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By Pat Hall

Excerpt from the American Thinker:

Yesterday, Congressman Alexander Mooney (R-W.Va.) introduced a bill to once again make the U.S. dollar convertible to a fixed weight of gold.  The legislation, H.R. 5404, was written in the spirit of Jack Kemp’s Gold Standard Act, and, as Rep. Mooney noted, it marks the first attempt since 1984 to restore a gold backing to the U.S. dollar.  While the passage of this legislation is a long shot in our current political climate (which, unfortunately, overlooks the importance of monetary policy in facilitating economic growth), this is a big deal.  Rep. Mooney’s gold standard act could reignite a much needed conversation about the importance of having a stable dollar to create soaring economic growth.
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Since economic growth has slowed since Nixon took us off the gold standard, it is prudent to examine whether our monetary policies bear at least partial responsibility for our relative stagnation.  Has the past decade of easy money really facilitated the best possible outcome for U.S. economic growth?  As Rep. Mooney wrote, the current “federal reserve note” has resulted in the U.S. seesawing “between too much and too little money in the economy.  The Fed has the impossible task of guessing the market’s demand in real time.  Its performance worsened in the 2000s because the Fed began to grade itself by how its money creation boosted the financial markets.  Today many people are so disillusioned with the dollar’s prospects that they have embraced cryptocurrencies like bitcoin.”  Rep. Mooney hit the nail right on the head.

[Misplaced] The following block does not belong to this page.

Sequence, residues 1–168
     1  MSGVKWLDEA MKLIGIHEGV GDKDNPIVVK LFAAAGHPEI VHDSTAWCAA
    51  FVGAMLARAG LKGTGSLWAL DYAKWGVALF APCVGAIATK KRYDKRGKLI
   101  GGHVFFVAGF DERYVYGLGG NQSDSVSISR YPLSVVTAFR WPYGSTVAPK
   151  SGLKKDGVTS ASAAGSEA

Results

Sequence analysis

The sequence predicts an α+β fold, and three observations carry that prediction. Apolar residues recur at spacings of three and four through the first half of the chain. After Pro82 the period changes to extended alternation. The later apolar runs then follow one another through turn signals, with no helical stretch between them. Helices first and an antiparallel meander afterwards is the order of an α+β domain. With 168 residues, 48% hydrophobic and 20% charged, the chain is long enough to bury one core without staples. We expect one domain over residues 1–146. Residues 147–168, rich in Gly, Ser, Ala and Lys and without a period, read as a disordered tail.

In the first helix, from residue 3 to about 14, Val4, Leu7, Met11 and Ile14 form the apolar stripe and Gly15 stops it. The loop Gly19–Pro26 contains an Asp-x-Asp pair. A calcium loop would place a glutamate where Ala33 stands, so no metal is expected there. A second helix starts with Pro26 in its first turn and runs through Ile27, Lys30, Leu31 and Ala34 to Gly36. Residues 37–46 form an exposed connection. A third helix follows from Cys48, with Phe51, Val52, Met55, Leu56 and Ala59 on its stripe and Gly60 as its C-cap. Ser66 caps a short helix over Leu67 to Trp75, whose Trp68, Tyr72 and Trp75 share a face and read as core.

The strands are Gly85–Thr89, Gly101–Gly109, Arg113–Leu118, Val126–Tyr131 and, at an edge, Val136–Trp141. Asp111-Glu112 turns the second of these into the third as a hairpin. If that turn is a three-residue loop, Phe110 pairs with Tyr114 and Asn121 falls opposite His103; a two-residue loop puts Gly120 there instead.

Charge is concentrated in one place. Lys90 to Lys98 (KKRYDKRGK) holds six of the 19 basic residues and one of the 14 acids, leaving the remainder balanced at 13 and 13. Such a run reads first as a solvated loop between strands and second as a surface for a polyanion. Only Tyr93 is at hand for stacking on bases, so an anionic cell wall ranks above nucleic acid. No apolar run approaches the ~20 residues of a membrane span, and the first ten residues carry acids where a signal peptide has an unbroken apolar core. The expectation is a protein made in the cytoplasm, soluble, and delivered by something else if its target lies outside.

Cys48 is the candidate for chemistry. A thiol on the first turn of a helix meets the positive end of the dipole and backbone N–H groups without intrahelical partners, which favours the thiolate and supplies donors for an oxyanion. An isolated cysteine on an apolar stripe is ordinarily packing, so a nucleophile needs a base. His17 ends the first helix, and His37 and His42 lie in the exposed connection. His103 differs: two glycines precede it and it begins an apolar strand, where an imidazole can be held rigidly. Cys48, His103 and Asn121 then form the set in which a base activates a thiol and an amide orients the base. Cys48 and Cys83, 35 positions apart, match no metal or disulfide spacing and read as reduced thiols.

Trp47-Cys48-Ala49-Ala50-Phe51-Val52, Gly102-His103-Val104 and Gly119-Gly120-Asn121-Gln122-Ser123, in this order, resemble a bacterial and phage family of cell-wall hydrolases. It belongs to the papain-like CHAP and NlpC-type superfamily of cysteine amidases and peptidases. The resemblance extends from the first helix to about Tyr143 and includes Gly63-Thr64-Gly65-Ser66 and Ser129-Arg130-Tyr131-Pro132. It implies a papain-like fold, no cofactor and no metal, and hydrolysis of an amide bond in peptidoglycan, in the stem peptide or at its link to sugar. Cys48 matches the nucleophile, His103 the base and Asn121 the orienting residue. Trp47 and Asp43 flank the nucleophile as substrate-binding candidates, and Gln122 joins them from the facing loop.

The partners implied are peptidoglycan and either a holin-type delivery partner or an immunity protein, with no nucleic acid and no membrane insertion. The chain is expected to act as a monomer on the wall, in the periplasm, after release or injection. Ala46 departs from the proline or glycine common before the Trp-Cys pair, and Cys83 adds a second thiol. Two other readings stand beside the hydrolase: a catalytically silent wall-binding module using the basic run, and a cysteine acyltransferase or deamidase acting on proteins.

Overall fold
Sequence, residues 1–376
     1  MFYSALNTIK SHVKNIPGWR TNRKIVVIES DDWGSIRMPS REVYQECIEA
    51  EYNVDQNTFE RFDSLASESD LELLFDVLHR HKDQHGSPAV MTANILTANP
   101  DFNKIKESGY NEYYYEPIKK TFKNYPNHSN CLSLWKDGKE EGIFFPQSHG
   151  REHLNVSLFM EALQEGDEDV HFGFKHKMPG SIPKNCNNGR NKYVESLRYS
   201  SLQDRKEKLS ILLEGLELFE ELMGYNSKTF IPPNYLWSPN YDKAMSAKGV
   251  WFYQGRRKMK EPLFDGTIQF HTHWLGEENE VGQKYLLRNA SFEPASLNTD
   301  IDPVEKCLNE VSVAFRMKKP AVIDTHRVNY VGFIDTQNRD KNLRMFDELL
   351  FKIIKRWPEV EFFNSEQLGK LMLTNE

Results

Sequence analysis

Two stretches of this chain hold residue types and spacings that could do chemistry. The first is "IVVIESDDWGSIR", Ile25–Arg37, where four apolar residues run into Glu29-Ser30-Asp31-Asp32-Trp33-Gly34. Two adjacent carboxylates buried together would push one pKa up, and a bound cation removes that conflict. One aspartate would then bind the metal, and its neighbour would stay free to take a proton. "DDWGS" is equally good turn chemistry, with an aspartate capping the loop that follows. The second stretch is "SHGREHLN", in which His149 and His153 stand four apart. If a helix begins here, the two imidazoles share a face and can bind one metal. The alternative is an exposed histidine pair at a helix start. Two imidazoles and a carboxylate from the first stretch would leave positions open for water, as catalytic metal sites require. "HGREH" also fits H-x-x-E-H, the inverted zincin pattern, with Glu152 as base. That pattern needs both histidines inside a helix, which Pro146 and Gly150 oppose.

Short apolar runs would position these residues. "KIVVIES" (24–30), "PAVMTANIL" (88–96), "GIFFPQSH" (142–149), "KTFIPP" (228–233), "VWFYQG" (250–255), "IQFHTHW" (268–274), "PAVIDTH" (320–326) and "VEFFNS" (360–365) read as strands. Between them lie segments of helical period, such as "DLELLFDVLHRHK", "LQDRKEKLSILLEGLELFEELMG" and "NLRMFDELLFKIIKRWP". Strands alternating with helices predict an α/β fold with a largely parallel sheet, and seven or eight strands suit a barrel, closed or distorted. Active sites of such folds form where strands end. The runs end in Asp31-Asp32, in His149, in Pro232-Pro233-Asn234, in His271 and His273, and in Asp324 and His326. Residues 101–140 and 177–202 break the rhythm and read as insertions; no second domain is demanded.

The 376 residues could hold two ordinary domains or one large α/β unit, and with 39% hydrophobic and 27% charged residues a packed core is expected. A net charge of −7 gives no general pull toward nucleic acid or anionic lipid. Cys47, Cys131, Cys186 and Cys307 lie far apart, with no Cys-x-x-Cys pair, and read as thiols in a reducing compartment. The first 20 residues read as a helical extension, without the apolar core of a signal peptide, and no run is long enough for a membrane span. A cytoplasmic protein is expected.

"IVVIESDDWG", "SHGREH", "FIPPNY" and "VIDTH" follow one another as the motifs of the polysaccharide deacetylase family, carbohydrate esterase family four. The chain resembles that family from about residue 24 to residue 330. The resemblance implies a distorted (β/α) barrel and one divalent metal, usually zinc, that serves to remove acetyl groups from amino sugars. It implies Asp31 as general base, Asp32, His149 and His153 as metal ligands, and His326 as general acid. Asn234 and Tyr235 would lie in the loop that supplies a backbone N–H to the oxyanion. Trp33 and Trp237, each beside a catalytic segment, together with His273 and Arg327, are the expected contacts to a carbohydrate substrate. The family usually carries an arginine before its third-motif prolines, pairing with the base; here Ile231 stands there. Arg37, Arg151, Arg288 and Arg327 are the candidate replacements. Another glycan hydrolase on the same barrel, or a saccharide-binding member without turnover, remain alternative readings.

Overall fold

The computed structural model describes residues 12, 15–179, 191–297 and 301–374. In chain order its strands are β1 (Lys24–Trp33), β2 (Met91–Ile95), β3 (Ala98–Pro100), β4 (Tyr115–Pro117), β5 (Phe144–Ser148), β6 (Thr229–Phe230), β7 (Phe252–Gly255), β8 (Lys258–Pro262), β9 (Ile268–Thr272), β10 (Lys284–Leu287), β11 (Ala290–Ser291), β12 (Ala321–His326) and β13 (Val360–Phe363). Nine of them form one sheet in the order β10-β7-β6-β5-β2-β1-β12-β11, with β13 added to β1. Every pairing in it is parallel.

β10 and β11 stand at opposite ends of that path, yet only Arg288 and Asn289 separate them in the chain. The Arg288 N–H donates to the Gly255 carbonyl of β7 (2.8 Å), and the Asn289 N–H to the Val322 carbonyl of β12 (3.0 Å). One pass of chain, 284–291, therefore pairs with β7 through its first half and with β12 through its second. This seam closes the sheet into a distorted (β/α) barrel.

Read more at American Thinker